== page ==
The story of Brian and Jennifer
The couple met at a dinner party: upwardly mobile Jennifer, who had been brought up by mother Peggy and her alcoholic father Jack in The Bull, was immediately attracted to the Sherborne-educated, and wealthy farmer Brian Aldridge.
They were married on 29 May 1976. Thus began Jennifer’s ascendance to the social pinnacle of Ambridge: she is every inch the elegant, capable pillar of the community, able to cope with a family crisis as easily as she can turn out a perfect venison casserole. Jennifer and Brian are evenly matched in terms of both being extremely conscious of their social position: Jennifer delights in talking about ‘the Aldridge Millennium Wood’; Brian is extremely proud of Jennifer’s attributes as the hostess to make him the envy of his shooting chums.
Although these days it’s Brian who has the reputation as a rogue, in the early days of their marriage, Jennifer’s close friendship with John Tregorran was a cause of concern.
Back to Jennifer. When her former husband Roger Travers-Macy, (Debbie’s father and Adam’s adoptive father) reappeared in 1991; he and Jennifer rekindled their romance. Brian’s flirtations continued with an interest in Mike Tucker’s wife Betty, who cleaned for Jennifer; pony club instructor Mandy Beesborough; and the delegate from Ambridge’s twin town of Meruelle.
The big affair, however the one that shook Ambridge to its core – was with Siobhan Hathaway, a much younger, married woman, with whom Brian had his son Ruairi. After much anguish and heart-searching, Jennifer magnanimously agreed to bring up Ruairi as their own after Siobhan’s untimely death from cancer.
Jennifer and Brian are both strong characters. Brian’s roving eye has caused huge problems, but his affection for Jennifer is entirely genuine and undimmed the prospect of giving her up when Siobhan suggested he ran away with her and Ruairi was too much for him.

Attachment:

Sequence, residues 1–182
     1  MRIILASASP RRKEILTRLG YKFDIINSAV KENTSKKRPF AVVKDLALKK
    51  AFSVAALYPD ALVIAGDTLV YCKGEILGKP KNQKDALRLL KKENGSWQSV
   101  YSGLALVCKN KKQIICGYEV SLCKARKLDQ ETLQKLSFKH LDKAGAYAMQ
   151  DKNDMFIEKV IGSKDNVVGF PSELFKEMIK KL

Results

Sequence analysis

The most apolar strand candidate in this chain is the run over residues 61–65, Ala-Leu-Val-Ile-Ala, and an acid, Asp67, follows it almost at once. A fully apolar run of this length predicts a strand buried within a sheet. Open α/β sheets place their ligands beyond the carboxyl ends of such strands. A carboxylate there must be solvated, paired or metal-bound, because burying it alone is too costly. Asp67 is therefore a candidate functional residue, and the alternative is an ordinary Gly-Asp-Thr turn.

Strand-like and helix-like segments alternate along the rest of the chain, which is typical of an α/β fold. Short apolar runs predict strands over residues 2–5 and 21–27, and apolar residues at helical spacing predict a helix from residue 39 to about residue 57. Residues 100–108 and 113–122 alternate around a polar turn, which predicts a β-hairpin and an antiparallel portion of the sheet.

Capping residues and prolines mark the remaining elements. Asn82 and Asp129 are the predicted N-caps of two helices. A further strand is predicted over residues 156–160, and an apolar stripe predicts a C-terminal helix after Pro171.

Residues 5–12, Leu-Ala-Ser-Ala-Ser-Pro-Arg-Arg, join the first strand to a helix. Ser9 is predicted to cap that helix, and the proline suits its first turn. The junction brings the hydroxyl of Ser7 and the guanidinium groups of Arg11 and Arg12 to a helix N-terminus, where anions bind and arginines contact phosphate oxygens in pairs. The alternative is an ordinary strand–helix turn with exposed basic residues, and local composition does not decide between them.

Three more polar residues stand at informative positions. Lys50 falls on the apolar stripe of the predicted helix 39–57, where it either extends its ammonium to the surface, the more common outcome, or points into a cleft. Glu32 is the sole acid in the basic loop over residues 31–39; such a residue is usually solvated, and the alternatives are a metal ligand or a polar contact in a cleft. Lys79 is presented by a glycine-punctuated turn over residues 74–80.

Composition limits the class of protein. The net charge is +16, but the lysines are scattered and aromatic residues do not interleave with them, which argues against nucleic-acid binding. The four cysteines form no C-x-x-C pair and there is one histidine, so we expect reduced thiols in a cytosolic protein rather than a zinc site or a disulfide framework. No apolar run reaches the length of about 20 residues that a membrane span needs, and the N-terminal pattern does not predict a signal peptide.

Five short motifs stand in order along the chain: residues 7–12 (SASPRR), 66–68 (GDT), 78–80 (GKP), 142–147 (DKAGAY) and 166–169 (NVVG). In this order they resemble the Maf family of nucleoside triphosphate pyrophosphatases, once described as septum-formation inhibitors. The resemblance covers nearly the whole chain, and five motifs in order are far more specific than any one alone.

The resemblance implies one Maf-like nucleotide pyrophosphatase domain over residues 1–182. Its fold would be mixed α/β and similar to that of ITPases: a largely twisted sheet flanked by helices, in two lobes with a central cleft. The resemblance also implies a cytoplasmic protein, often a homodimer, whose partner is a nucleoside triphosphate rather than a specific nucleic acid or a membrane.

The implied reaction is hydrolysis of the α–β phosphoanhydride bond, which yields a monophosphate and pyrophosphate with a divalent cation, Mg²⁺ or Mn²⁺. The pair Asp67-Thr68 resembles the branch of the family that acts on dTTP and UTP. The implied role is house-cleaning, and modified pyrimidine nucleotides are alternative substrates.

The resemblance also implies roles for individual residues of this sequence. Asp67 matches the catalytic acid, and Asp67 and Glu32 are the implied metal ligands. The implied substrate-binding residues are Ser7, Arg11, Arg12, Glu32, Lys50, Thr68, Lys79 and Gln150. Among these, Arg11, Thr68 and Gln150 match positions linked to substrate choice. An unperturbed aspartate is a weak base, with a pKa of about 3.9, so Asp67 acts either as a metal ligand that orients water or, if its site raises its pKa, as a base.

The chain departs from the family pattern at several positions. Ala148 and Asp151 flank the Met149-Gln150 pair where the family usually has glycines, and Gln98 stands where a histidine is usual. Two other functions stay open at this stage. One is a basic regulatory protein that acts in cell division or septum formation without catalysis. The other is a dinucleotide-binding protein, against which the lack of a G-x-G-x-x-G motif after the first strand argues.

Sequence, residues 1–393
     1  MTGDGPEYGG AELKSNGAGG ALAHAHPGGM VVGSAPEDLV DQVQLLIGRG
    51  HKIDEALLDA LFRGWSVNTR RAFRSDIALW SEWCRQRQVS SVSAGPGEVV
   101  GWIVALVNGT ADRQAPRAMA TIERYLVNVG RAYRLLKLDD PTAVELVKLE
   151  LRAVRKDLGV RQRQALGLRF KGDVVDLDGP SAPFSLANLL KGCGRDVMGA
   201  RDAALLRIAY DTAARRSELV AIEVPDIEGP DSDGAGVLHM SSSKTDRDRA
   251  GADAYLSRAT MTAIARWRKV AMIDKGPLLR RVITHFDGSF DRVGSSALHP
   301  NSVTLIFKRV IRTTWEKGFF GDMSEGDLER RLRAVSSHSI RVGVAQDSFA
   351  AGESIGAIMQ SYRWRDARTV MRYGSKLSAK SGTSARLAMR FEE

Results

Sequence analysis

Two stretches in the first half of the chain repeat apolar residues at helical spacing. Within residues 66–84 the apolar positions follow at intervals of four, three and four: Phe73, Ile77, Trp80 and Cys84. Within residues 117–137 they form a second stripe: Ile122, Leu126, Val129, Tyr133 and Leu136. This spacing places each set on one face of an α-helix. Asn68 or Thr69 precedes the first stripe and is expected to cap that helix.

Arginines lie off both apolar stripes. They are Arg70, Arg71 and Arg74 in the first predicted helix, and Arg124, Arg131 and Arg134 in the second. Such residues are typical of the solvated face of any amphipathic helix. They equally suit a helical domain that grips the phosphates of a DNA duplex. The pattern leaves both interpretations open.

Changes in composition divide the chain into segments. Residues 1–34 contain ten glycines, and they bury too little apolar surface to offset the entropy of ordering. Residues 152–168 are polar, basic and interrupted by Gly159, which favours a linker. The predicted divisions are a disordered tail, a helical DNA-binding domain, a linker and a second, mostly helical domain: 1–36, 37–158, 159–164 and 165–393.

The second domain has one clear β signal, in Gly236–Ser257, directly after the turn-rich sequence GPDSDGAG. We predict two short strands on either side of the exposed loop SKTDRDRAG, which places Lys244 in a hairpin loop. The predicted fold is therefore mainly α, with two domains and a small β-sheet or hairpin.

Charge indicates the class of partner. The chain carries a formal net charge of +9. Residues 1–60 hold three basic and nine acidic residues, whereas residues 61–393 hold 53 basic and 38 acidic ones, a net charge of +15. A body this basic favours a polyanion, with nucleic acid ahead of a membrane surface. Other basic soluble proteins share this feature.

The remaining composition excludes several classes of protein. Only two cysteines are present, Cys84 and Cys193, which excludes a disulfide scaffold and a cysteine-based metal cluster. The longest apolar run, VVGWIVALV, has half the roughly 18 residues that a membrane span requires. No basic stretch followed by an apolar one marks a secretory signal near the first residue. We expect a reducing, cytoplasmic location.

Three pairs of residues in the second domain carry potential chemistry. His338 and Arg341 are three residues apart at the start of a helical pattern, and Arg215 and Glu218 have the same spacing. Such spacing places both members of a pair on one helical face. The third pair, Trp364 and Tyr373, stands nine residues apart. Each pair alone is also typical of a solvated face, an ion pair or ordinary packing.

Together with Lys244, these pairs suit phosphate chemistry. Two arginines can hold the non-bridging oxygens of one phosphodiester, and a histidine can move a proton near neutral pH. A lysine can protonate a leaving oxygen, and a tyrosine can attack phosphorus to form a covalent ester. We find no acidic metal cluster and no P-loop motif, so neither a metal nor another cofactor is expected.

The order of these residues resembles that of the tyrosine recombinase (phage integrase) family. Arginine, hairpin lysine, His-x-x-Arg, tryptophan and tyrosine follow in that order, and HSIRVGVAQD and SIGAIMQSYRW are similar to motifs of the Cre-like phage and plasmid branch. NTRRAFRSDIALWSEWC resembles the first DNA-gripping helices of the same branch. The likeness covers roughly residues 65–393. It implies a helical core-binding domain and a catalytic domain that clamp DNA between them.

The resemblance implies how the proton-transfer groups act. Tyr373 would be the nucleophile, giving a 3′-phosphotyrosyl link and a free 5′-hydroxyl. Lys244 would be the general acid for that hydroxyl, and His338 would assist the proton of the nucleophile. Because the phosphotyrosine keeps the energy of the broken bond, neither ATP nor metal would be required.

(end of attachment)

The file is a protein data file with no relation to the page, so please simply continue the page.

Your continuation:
Jennifer could be dismissed too easily as a political wife – a woman who turns a blind eye to her husband’s philandering in exchange for a credit account at Underwoods and a fantastic kitchen. But Jennifer has more depth to her than that. Her own chequered romantic history means that she can never entirely take the moral high ground, and this also reveals itself in the understanding and good sense she shows in dealing with her grand-daughter Phoebe’s romantic struggles.
Jennifer’s acceptance of Ruairi as one of the Aldridge family was a game-changer. She knew exactly what she would be taking on; she rarely mentions her sacrifice and she put up with the shocked gossip in the village when Ruairi moved in. She is, like her mother Peggy, made of strong stuff and Brian remains grateful for the stability she gives him. Jennifer’s blind spot is Kate, for whom she will forgive anything; Brian’s is his libido.
Brian’s fear that his manly powers and business acumen were waning when he was removed from the Borsetshire Land board was matched by Jennifer’s questioning of her own achievements at her 70th birthday party.
The couple, at last, seem to be on an equal and stable footing at the moment. But there could be another ticking time-bomb: patrician Brian always longed for his own son, and now he has one... it’s just not Jennifer’s. How this will play out when Ruairi comes of age remains to be seen.